In the early minutes of an April 24th 36 years ago, Martin Gurri’s first son was born. For most of my life I have thought of that day as something that was mine, as my birthday. But I was just an infant—what did I know of days and their significance? On the day itself, the occasion belonged first and foremost to my mother, Amy Tilson Gurri, who endured twenty hours of difficult labor culminating in the surgical removal of the life she had carried for most of a year. The eviction of so stubborn a tenant was her victory, to which she bore witness with relief and with no small measure of exhaustion.
But that day also belonged to my father. He did not endure the pains of pregnancy, labor, and Caesarian section, but he stood by my mother as she did endure those pains, doing what little a husband can. Which is to say, he was in the room, and tried, I imagine, to not get in the way.
These events are told and retold so many times that they begin to enter the realm of story and, in so doing, exit the realm of life. The day as my father lived it was, in some tellings, a joke with a proper setup and the expected punchline (“honey, you sprayed the doctor,” as the doctor displayed his prop in this performance, the pair of glasses splattered with blood).
In other tellings, it was a life-defining, transcendental event. My whole life, my father made it clear that it was that moment—my birth—when he finally understood what it was all for. This once devout Catholic who long ago lost his faith, this man with an insatiable intellectual curiosity, was long nagged by this question, of “what it is all for.” Apparently the birth of his first son solved the riddle, “it’s all for this.”
It was not like that for me. This was partly his fault—I grew up being told “what it was all for” and believing it, indeed I still believe it, perhaps more now than I did then. But that left little room to receive an answer of that magnitude when my own first son was born, for I did not have a question of that magnitude to be answered. My questions were simple, for I was rendered quite simple myself on that day and those first difficult days afterwards.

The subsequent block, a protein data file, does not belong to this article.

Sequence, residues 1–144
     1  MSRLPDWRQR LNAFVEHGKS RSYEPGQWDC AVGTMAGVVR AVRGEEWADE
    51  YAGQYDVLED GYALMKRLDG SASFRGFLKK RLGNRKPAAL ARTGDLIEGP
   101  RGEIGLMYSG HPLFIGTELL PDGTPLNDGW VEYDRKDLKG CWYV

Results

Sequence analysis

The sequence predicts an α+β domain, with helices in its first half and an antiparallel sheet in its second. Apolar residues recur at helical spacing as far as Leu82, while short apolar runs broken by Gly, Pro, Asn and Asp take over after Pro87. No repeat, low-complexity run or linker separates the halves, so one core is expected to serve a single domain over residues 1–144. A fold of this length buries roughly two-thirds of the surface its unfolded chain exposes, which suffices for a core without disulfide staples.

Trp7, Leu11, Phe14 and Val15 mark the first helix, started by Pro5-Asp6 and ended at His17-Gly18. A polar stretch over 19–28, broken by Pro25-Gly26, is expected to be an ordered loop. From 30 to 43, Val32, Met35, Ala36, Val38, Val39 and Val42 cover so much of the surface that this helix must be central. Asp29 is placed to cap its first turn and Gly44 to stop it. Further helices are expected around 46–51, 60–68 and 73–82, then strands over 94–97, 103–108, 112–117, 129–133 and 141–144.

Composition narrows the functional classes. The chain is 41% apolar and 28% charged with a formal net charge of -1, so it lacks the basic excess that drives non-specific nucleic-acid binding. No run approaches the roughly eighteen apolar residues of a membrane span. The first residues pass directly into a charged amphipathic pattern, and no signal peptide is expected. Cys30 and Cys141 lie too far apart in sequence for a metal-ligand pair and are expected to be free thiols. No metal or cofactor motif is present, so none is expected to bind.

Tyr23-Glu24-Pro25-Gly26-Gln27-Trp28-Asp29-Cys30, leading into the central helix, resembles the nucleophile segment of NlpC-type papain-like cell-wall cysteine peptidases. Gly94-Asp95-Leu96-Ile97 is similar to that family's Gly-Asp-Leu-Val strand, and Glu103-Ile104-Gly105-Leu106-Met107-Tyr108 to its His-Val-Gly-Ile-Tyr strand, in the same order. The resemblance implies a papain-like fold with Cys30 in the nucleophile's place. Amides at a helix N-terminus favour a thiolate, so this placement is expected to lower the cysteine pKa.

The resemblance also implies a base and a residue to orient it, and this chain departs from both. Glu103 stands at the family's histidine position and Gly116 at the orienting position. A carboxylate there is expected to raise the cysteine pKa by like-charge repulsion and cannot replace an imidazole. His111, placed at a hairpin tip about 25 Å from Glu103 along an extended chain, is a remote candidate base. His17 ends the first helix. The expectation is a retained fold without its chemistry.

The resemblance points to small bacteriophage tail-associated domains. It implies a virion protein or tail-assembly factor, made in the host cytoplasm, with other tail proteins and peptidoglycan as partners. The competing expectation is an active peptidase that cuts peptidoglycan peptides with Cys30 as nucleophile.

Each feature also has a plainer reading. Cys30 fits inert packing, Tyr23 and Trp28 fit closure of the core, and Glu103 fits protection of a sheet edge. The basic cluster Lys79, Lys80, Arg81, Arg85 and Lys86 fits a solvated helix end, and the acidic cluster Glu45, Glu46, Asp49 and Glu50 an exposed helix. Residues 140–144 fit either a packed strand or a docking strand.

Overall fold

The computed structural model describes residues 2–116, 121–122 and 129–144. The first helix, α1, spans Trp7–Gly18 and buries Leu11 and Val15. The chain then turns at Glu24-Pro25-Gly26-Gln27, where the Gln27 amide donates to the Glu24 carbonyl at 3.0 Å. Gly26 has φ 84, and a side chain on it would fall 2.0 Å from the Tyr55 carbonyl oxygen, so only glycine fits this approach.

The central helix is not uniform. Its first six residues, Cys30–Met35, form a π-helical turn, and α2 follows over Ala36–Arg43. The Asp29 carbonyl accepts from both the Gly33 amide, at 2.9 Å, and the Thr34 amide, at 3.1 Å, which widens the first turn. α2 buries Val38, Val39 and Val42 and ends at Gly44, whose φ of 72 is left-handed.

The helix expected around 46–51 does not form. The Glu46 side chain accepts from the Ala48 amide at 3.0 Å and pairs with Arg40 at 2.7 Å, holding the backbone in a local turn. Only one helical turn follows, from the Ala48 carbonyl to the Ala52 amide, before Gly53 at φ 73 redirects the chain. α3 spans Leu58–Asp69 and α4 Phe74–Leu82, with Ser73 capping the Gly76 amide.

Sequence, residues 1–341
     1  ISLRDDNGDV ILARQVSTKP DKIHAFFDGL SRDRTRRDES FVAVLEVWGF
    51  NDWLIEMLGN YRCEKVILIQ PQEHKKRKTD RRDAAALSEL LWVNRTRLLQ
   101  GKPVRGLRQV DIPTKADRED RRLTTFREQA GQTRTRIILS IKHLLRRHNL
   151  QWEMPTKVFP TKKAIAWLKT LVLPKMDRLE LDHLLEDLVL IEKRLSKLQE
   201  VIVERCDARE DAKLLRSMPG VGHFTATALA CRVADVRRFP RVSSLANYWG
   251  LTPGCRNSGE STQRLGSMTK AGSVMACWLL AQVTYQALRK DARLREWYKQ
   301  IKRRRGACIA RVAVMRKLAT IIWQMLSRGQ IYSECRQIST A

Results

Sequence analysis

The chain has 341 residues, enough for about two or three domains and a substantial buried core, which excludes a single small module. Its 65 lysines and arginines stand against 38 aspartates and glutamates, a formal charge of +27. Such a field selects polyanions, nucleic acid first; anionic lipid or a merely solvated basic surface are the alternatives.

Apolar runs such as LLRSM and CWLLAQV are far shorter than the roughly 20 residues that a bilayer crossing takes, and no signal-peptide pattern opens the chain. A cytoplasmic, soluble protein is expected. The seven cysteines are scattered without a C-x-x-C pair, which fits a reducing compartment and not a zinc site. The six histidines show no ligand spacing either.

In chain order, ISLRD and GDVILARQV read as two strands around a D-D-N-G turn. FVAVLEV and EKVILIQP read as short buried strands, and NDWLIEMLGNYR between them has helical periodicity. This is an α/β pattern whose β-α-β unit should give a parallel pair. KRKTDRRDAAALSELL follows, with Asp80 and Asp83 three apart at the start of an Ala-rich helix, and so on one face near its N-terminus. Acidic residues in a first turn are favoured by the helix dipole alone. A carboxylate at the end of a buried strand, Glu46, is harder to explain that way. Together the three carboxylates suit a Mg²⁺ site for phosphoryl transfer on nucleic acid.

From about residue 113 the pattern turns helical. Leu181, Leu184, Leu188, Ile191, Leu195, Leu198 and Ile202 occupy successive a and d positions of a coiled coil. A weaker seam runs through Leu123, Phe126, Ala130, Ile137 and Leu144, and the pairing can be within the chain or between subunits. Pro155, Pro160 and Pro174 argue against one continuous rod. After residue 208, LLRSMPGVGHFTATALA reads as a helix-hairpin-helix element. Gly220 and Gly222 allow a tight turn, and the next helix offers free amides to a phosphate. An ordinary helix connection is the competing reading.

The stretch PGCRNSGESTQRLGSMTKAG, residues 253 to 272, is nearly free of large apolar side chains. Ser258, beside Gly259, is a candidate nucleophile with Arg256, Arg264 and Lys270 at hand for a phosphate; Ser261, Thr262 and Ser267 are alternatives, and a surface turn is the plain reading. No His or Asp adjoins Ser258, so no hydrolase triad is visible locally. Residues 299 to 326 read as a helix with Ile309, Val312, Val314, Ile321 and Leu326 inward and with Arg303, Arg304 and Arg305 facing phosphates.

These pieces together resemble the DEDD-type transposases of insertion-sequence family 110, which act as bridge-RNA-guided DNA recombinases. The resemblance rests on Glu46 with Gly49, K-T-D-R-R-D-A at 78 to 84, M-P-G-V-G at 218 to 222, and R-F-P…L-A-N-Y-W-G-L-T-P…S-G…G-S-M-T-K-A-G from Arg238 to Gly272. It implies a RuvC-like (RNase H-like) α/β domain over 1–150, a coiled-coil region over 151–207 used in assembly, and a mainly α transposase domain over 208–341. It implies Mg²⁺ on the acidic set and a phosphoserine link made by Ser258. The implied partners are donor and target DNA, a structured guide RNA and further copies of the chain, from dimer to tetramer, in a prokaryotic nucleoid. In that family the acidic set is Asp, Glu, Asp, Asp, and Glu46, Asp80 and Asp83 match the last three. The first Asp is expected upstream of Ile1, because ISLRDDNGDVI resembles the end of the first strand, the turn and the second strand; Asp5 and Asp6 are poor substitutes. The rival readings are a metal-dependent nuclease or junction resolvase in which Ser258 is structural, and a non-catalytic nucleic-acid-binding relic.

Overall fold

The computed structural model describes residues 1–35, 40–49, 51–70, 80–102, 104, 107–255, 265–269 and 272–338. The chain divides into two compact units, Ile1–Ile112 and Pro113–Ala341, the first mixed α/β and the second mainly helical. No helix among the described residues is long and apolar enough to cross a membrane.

This was not a day in April, but a December 2nd, more than four years ago. Elliot was no easier on his poor mother than I had been on mine, though she was spared the surgery. And yet when we reached the hospital room afterwards it was I who was dead on my feet, and passed out in the blink of an eye. This was really quite shameful, truth be told, for the person who had actually run the physical and emotional gauntlet of giving birth still very much needed help, and me conscious to give it. Unfortunately, I was not only very tired, I was also very inept at helping.
Rather than receiving a transcendental revelation, I was shell shocked. I stumbled about in a confused stupor, generally annoying my wife and being counterproductive in my aims. She watched my continued fecklessness with rising uncertainty as to whether I would ever demonstrate myself capable of meeting the demands of fatherhood. Fecklessness can be endearing, even charming, when you are single, or dating, or when you are first married. It is less so when you are a father.
I recovered, and worked to be a less feckless father and husband, to some degree succeeded. I am still more than a little feckless I’m afraid, and more than a little shocked to find myself a 36-year-old father.